How did it all begin?
As humanity has reached further into space, we’ve come to learn a lot more about the lifecycle of the solar system.
From a collapsing cloud of gas into a brand new star to an accretion disc with planets vacuuming up debris, to measuring how much gas the Sun’s got left in the tank and calculating we’ve got about another 4.5 billion or so years left in this thing.
After that, the Sun will start to exhaust its fuel and our solar system will enter its long, terminal decline and eventual death.
We are talking about a cosmological timescale that, to us, is unfathomably long in concrete terms, so none of us will be around to see any of these events come to pass.
But what if we could take an eternal galactic bird’s-eye view of our small plot of the galaxy from start to finish? What would that lifecycle look like? Let’s find out!
So, you can’t have a solar system without at least one star in the middle, and ours got its start roughly 4.6 billion years ago as an incredibly massive, densely packed cloud of dust and hydrogen gas known as a molecular cloud.
A molecular cloud can consist of the remains of a far older star that burned through its fuel and blew off heavy metals, gases, and other building blocks of a solar system in either a spectacular supernova or as a more modest shedding of material.
It may have been another supernova nearby that triggered this cloud to collapse in on itself after a shockwave passed through, or the cloud could have collapsed under its own weight — but in either case, the collapsed material formed into a swirling solar nebula.
Gravity pulled more and more material into the center of the nebula where the gas condensed under great pressure. This was the first major critical point in the solar system’s lifecycle where things could have gone sideways.
Without enough mass to generate the enormous internal pressure needed to jam the nuclei of two hydrogen atoms together to make helium — a process called nuclear fusion — things could have ended up much differently.
When there isn’t enough mass to trigger nuclear fusion, you end up with a body called a Brown Dwarf, which is essentially a failed star. It’s something akin to a super Jupiter, an enormous gas giant free-floating in space without a host star and insufficient internal nuclear reactions to generate energy, light, heat, and all the other good stuff we associate with stars.
Fortunately, our Sun had enough material so that its internal fusion got going, and it would go on to accrete about 99% of the available matter in the molecular nebula.
According to the disc accretion theory, almost immediately, what was leftover began to form a disc of material around the Sun, stretching to the Kuiper belt.
Throughout this disc, material brushed up against each other and eventually started to accrete into larger bodies a few kilometers wide known as planetesimals within the first 100 million years of the birth of the Sun.
Closer to the Sun, it was hot enough that certain elements and compounds known as volatiles, like water ice and ammonia, couldn’t exist in liquid form, much less solid, and so remained in a gaseous state in the accretion disc.
Meanwhile, the Sun had begun to produce a steady flow of particles from its nuclear furnace and blow these out in all directions, something we call the solar winds.
These, in turn, pushed out the lighter, gaseous volatiles toward the outer part of the disc, leaving only the densest, rockiest material like metals and silicates in the inner part of the solar system (though a small portion of the lighter elements were accreting to the growing planetesimals).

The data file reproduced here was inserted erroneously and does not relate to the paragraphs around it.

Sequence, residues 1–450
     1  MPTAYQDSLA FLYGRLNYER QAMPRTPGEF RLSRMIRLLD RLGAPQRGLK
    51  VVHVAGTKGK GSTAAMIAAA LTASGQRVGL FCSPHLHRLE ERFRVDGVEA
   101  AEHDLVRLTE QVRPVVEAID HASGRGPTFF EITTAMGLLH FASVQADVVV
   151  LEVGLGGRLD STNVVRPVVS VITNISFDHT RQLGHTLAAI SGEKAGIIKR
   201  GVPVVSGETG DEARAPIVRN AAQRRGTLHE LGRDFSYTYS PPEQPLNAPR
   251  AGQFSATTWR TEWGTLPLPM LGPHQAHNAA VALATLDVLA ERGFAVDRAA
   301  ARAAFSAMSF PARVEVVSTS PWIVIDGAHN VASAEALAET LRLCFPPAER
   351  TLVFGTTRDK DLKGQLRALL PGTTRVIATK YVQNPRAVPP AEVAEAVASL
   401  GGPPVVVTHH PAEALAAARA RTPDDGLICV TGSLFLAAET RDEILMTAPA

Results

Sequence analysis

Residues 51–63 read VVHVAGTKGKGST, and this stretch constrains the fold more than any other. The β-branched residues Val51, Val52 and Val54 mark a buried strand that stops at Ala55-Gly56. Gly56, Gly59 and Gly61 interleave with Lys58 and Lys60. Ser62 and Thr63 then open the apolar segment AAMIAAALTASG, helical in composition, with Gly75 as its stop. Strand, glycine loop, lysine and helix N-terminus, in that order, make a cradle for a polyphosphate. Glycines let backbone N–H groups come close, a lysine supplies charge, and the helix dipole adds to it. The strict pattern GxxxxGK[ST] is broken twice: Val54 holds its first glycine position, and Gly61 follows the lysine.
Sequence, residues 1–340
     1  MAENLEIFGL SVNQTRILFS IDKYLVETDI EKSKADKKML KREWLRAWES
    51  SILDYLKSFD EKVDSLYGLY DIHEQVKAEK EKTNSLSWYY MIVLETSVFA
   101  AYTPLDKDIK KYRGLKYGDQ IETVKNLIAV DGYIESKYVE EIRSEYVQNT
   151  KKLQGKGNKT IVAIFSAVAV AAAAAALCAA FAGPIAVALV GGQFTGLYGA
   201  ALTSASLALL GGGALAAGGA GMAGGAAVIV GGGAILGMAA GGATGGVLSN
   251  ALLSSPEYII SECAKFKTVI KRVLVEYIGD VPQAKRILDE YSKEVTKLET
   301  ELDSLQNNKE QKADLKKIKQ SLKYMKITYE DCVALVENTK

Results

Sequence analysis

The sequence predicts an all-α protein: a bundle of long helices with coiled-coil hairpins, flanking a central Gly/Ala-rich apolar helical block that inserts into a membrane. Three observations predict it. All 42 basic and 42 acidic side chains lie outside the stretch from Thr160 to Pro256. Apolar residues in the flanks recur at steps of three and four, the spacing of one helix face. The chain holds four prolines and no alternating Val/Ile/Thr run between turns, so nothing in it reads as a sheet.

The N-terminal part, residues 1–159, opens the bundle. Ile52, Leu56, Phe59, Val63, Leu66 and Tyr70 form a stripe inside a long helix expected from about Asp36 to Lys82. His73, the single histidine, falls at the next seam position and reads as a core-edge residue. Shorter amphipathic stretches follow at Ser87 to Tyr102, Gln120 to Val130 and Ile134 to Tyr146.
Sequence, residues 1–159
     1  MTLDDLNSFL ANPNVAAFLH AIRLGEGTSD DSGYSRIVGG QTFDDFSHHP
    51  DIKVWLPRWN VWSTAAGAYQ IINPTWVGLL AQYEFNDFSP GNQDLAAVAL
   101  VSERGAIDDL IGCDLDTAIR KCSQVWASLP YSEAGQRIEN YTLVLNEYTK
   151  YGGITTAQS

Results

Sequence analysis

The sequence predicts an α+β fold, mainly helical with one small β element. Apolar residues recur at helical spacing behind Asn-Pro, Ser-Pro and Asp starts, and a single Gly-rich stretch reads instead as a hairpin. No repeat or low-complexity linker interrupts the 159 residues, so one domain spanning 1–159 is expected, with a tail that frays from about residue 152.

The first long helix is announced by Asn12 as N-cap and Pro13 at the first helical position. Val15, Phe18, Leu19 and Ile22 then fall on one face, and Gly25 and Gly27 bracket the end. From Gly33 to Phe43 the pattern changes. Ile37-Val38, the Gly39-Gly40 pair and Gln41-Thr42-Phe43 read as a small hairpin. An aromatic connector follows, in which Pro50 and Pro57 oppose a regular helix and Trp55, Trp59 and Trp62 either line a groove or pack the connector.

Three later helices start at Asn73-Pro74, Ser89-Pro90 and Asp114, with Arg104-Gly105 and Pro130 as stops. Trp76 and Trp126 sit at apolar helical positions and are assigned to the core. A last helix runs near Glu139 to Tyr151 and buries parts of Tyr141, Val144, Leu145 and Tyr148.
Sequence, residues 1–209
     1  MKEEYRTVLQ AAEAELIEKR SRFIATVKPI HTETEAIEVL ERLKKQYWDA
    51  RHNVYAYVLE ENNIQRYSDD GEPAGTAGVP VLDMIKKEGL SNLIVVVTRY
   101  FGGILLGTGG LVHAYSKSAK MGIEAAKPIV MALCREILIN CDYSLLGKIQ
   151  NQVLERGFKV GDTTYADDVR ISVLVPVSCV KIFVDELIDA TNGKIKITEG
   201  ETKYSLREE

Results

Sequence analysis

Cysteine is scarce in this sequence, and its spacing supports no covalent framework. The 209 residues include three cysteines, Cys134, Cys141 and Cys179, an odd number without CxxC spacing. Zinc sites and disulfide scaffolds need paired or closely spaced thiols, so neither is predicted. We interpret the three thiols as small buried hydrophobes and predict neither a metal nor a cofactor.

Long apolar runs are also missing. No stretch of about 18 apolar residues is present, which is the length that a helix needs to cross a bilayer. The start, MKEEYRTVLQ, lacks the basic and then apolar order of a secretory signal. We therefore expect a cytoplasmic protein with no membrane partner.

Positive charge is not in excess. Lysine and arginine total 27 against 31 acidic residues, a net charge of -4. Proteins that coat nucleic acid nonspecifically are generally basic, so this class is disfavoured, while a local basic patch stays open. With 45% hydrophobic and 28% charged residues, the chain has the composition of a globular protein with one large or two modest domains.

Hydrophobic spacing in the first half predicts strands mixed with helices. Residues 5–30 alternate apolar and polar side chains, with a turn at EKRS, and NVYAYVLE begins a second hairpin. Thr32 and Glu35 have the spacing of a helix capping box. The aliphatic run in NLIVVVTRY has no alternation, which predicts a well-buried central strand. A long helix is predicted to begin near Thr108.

As these smaller planetesimals in the inner disc accreted more material and grew to be hundreds of kilometers wide, they became large enough that their gravitational pull distributed their mass into a more spherical shape.
They also started to disrupt the motion of other nearby planetesimals, which led to an increase in collisions, which, over time, grew some of these planetesimals large enough that they were upgraded into protoplanets.
Being larger than the surrounding material, these protoplanets exerted a much larger gravitational pull and they quickly came to dominate any other material in their orbital path. This allowed these protoplanets to accrete smaller planetesimals into themselves rapidly, which led to their swelling in size over a very short period of time.
Soon, the force of their gravity started differentiating the layers of the planets as heavier elements like iron and nickel were pulled deeper into the interior while lighter elements like oxygen, silicon, and magnesium formed a layer called the mantle. The very outer edge of the protoplanets became a hardened, rocky crust that was rife with volcanic activity.
In at least one case, that of Earth and Theia, it’s theorized that these protoplanets began to pull on each other and disrupt their orbits: About 4.5 billion years ago, when the Earth was still a molten, rocky wasteland dominated by volcanoes, it’s speculated that a protoplanet, Theia, between the size of Mars and Earth collided with the Earth, breaking loose a large amount of material from both its own mantle and that of Earth’s, and sending it all into orbit around the Earth.
It is believed by some astrophysicists that Theia impacted the Earth at a steep angle and not a glancing blow, sinking its own iron core into that of Earth’s, where the two mixed to become a single core of iron. According to this theory, the largely silicate mantles of the two protoplanets also mixed and became one.
Meanwhile, the mostly silicate ejecta from the impact formed a disk of material around the Earth and, just like the Sun’s protoplanetary accretion disk, material in the disk started to coalesce into ever-larger pieces that would eventually make up the Moon.
It’s suspected that Venus may have also suffered similar collisions, but as one of only two planets in our solar system to not have a moon of its own, this is still a great deal of debate on this since it is theorized that such a collision would almost certainly produce a moon similar to our own.
The disc accretion model does have some issues, which other models, such as the disc instability model and the pebble accretion model attempt to address. But disc accretion remains, at least for now, as the leading model.